HSP90 and Triglyceride Levels in Partially Migratory Canada Geese

By Audra Cote

Faculty Mentor: Andrew Dolby, Parrish Waters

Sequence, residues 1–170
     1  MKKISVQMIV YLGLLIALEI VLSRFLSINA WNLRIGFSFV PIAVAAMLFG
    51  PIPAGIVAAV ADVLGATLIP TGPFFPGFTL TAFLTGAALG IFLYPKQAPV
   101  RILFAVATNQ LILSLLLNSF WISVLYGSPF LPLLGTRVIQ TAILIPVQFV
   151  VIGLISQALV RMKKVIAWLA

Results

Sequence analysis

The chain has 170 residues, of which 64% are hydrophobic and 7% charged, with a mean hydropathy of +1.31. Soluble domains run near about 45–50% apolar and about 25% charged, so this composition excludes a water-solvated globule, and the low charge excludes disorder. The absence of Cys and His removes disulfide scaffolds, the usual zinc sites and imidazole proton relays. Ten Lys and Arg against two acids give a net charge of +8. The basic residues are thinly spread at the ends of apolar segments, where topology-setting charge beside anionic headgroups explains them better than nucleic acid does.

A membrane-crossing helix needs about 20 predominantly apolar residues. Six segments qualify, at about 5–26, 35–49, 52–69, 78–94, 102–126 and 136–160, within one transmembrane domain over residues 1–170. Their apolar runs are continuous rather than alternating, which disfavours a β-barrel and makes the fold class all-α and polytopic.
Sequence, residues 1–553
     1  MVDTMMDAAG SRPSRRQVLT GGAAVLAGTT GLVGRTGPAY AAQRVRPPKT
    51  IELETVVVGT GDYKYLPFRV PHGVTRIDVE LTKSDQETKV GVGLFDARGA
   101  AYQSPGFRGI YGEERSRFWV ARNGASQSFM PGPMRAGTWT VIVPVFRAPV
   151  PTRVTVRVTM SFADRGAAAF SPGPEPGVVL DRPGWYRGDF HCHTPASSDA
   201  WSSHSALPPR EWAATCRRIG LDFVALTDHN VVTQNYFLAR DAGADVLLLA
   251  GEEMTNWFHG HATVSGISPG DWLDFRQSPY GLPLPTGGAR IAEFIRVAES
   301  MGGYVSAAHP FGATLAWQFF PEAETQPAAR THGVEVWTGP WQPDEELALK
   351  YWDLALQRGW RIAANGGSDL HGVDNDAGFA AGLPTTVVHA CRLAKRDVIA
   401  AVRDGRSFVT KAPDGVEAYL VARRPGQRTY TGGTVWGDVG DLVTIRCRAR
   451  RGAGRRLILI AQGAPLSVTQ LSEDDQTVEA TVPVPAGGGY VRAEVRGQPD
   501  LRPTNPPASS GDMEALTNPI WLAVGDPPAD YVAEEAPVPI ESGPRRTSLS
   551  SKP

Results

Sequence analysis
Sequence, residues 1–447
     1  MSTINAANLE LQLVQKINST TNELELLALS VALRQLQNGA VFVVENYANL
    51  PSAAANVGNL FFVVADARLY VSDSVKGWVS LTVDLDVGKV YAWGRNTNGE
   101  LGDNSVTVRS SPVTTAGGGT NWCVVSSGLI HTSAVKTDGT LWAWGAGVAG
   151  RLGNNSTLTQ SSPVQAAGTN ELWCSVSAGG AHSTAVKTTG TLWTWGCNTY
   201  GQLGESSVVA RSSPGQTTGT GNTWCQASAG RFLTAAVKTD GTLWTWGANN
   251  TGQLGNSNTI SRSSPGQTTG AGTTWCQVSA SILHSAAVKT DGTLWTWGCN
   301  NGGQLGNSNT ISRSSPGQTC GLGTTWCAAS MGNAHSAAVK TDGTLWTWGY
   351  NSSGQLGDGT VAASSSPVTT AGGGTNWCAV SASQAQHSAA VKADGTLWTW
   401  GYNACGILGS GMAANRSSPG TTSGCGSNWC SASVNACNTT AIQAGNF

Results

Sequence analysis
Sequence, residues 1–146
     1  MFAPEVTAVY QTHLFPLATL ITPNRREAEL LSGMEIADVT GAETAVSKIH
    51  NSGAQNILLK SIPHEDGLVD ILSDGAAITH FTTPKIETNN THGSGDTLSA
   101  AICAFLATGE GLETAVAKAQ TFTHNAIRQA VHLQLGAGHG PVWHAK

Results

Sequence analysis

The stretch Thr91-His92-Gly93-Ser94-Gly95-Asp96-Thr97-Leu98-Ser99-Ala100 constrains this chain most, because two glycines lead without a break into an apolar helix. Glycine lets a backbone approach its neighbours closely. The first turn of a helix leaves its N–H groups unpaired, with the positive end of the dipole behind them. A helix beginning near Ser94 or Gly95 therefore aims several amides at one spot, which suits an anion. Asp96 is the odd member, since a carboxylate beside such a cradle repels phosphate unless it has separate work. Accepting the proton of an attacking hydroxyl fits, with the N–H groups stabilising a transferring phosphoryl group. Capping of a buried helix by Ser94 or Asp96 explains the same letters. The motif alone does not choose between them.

The Canada Goose (Branta canadensis) is a partial migrant species, which means that some individuals migrate between breeding and nonbreeding grounds, while others remain in one location throughout the year. Eastern Virginia contains both permanent residents and overwintering migrants which breed in Canada’s James Bay region. The metabolic demands of migration predict physiological differences between migrants and more sedentary residents, but they have been little studied in Canada Goose. Understanding such differences may help predict the resiliency of migratory birds to rapid climate change. We compared triglyceride and HSP90 (heat shock protein) in liver tissue extracted from resident and migrant goose carcasses donated by licensed hunters. HSP90 is an oxidative stress indicator, while triglycerides indicate differences in energetic status based on differences in activity and diet. Our prediction was that HSP90, and triglyceride levels would differ between resident and migrant Canada Goose populations, with high HSP90 associated with migratory and physiological stress and high triglyceride levels associated with a more sedentary activity level. Most of the resident geese were collected in September, and migrant geese were collected in January. Body length measurements were also used to assign individuals to migrant and resident categories. Neither triglyceride nor HSP90 levels significantly differed between residents and migrant geese. They also did not differ between sexes. However, HSP90 levels marginally differed by location in Virginia, perhaps relating to differences in land use and resources available to geese. We plan to increase HSP90 sample sizes and additionally measure HSP70 and enzymes associated with triglyceride metabolism.


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